Shade-tolerant forage seed species and sources?

As I thin some woods and open up some edge lines, I'm hoping to seed some perennial shade-tolerant forages. I'm mainly focused on wildlife at this point (I don't yet own livestock), and hope to get perennial or re-seeding annuals with substantial root mass to break up heavy clay North Carolina soils. Recommendations for species / mixes / seed sources? I've done some preliminary research, but am hesitant to buy mixes without specific input from silvopasture practitioners.

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If wildlife rather than grazing areas for domestic animals is your focus, you need to focus on native biomass rather than non-native biomass, most of which is not usable, or not efficiently usable by wildlife. What wildlife you intend to support should dictate what you plant. People often have a tendency to plant what will grow prolifically and look verdant without consideration for whether wildlife can actually take advantage of it. Canary Reedgrass, for example, is a non-native highly aggressive grass which outcompetes native grasses and forbs and is of little or no use to native species.  It bears no seeds used by birds, deer ignore it and rabbits do as well. My non-native goats, primarily browsers, have done a good job eradicating it on my property, although they largely ignore the native sedges and grasses. I fought it very hard before I got the goats.

I strongly suggest you give the native forbs, brush and grasses a chance to recover before you plant non-natives. I have eight pack goats that I rotate to reduce non-native Buckthorn and Amur Maple, but have found over the years that I support the most wildlife by using them only until they reduce the non-natives, then moving them on to other sections. It takes several years for some of the natives to come back, but once they do, one of the huge benefits is that unlike non-natives that colonize an area for the whole growing season to the exclusion of other species, the natives rotate from one species to another during the growing season, and the native insects, birds, reptiles, mammals and amphibians that rely on them at certain stages of their reproduction find them ready just when required. My population of frogs, toads, butterflies, birds, deer, rabbits, foxes and coyotes have all increased on my property dramatically. Of particular importance are some thick stands of brush for cover from predators and for nesting sites. If wildlife is your focus, don’t totally eliminate native brush. Wildlife thrives on a bit of natural mess here and there. If you are planning on raising cattle, horses or sheep, ignore this advice.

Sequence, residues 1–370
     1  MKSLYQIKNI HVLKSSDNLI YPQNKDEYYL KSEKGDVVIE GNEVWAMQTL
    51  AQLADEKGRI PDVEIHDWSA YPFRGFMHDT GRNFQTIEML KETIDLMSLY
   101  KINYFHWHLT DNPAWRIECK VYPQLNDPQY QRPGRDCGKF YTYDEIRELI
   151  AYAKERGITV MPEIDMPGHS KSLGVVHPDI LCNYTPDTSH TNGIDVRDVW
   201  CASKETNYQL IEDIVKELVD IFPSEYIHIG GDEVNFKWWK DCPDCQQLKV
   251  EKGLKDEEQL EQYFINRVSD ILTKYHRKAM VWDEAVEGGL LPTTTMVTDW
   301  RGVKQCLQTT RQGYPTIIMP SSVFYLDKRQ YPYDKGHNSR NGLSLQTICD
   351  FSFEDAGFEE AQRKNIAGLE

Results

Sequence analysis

Kable Thurlow said:

I would agree with Brett, this is pretty impressive Ben. Thank you for sharing your journey. 

Brett, I totally agree with you on trefoil and i have observed the same things here in Michigan, Trefoil is only growing out in the full sun areas of my farm and others that I have seen. 

Hey Richard,

That's the ecological trajectory I've taken. Natives are recovering quickly, and I'm holding off on seeding anything else until livestock (and maximizing their production) becomes an immediate reality.

Y'all better buckle up -- I just bought a 6.5 acre property with a few acres of young regrowth that needs thinning, and a few acres of meadow/lawn that needs re-foresting. Now accepting donations of fencing materials and livestock!

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